Lessons to Learn from Attacks on COVID-19 Research

Lessons to Learn from Attacks on COVID-19 Research

With COVID-19 creating the challenges that it has for so many, there is little wonder that creating a vaccine is such a major focus. Unfortunately, hackers are aware of this focus, and how it makes the organizations conducting vaccine trials particularly vulnerable. Let’s examine this situation, and the lessons that all businesses can take away from it.

Cozy Bear

The National Cyber Security Centre, located in the UK, recently shared that a group has been attacking organizations involved with COVID-19 vaccine research. These claims have been verified by authorities in the United States and Canada.

Known as “APT29,” as well as “Cozy Bear” and “the Dukes”, the attackers level spear phishing attacks and make use of assorted exploits to gain access to their target’s systems. After this access has been obtained, malware known as WellMail or WellMess is released into the environment. Many experts are of the opinion that this is not the first time that APT29 has been active, either. The group is suspected of attacks against various organizations in healthcare, energy, and government, and is believed to be responsible for the 2016 hack of the Democratic National Committee.

In response to this, the CSC has been trying to work with software vendors to ensure that vulnerabilities are patched. If these patches aren’t applied, cybercriminals can find the means to exploit these vulnerabilities and cause problems.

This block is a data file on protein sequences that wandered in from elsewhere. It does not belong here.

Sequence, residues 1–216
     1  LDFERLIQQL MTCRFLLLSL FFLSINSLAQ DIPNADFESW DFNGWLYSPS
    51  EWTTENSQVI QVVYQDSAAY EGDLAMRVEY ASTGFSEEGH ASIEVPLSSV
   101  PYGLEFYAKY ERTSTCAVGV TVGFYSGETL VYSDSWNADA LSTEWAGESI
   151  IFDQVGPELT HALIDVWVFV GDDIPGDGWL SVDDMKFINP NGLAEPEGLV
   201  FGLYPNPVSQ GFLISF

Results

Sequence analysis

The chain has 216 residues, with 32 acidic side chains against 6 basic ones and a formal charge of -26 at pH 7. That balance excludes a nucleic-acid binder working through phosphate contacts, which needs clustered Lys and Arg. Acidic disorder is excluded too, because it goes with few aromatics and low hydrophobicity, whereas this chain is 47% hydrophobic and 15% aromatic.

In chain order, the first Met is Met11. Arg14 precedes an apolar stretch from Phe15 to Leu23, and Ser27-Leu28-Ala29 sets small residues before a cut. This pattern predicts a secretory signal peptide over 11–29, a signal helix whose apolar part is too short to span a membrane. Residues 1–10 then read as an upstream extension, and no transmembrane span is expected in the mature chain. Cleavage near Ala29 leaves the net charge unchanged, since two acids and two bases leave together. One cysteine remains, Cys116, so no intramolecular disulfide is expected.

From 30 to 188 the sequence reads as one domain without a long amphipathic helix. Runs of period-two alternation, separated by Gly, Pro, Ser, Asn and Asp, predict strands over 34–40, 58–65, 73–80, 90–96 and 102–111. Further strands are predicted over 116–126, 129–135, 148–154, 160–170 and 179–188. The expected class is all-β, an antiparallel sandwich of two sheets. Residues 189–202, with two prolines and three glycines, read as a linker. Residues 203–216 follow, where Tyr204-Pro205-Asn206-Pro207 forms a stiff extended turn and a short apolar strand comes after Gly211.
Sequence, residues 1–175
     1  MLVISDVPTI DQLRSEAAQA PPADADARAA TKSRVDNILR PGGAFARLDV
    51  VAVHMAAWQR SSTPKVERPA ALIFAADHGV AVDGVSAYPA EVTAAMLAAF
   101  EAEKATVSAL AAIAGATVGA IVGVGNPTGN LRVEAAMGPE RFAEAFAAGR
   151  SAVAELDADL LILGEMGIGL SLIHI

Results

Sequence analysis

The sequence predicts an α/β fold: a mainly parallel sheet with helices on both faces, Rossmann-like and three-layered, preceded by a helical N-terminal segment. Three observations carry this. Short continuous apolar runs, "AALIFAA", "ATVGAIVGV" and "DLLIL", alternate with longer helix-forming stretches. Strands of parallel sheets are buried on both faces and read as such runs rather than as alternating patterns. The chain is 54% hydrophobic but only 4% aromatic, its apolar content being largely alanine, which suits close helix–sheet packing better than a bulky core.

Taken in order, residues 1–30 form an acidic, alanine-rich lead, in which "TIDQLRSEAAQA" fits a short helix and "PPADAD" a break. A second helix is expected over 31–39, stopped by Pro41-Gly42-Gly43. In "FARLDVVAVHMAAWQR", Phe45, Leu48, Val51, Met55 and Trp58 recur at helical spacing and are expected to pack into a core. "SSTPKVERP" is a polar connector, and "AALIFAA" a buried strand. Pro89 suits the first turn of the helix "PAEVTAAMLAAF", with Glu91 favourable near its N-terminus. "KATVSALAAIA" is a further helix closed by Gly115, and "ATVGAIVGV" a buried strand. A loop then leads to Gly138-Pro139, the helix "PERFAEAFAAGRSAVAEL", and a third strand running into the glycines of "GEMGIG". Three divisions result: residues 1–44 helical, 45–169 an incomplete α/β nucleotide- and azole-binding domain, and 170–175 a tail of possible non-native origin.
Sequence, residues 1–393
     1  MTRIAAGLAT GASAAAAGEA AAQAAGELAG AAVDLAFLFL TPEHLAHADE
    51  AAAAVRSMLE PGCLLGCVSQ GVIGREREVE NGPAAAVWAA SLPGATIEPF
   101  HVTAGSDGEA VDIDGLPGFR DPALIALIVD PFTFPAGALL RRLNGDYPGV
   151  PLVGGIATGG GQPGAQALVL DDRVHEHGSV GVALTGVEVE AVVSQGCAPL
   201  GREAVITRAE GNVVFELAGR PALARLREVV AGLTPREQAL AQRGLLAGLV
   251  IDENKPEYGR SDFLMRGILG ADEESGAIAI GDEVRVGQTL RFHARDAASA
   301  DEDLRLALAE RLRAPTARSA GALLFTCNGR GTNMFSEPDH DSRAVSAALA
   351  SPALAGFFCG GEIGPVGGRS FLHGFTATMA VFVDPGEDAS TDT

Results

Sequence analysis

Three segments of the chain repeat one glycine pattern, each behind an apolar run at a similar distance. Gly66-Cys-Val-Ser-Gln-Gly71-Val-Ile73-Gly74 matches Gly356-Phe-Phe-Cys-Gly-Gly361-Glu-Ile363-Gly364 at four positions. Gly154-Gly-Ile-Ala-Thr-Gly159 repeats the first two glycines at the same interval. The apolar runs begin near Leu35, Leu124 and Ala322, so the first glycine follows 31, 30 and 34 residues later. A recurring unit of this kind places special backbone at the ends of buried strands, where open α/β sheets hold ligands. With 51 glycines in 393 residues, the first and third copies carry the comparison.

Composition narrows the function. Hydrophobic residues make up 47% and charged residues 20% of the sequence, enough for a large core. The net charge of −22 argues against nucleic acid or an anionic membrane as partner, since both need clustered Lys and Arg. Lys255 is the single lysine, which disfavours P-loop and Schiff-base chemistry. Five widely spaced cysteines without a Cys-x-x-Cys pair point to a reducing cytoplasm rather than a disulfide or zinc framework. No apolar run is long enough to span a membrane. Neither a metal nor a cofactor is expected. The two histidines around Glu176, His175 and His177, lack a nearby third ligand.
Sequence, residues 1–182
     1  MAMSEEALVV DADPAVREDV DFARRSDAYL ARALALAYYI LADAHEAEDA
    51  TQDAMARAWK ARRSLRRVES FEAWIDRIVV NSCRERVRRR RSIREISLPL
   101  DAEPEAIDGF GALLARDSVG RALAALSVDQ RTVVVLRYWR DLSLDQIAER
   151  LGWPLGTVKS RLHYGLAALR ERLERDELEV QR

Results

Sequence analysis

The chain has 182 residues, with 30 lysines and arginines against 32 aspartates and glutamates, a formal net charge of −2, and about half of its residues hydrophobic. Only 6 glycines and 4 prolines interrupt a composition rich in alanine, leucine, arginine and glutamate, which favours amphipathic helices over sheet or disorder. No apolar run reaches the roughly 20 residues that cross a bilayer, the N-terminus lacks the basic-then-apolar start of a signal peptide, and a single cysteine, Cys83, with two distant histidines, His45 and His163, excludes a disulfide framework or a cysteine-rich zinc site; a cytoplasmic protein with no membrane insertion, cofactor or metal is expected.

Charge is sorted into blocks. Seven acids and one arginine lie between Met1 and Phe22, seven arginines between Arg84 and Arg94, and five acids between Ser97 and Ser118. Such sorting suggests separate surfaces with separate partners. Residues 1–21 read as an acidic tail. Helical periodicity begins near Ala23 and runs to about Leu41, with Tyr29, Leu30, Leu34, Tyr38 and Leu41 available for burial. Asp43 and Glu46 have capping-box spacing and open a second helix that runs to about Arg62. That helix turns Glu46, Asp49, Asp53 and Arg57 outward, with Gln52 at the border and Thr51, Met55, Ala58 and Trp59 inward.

A Spear Phishing Refresher

We’re no strangers to discussions about phishing, simply because it is one of today’s most prevalent threats to network security. Many phishing attacks are sent randomly to a large group of targets, but spear phishing is a different animal. Instead of trying to exploit a lot of people for little payout from each, spear phishing requires careful planning and execution of a highly targeted attack against one person. This person is often seen as the weakest link in an organization’s security by hackers.

With any luck, you won’t need to contend with phishing attacks from a major hacking group. That being said, it’s important that you and your team can identify a potential phishing attack and react appropriately. Here are a few basics to keep in mind:

  • Always check the details. Many phishing attacks will display some subtle issue, either in the email address it comes from or some other detail. Make sure you pay attention for some of these warning signs.
  • Proofread the message. Businesses want to put their best foot forward, so their correspondence is generally carefully edited before it’s sent out. If you receive a message with questionable spelling and grammar, exercise caution.
  • Reach out. If you’re unsure of whether a message is legitimate or not, reach out to the sender through another means to confirm it if you can.

For your business to avoid threats, being able to identify potential phishing attacks is only going to become more important. Find out how to train your team to spot them by reaching out to us. Call BNMC at 978-482-2020 to learn more.



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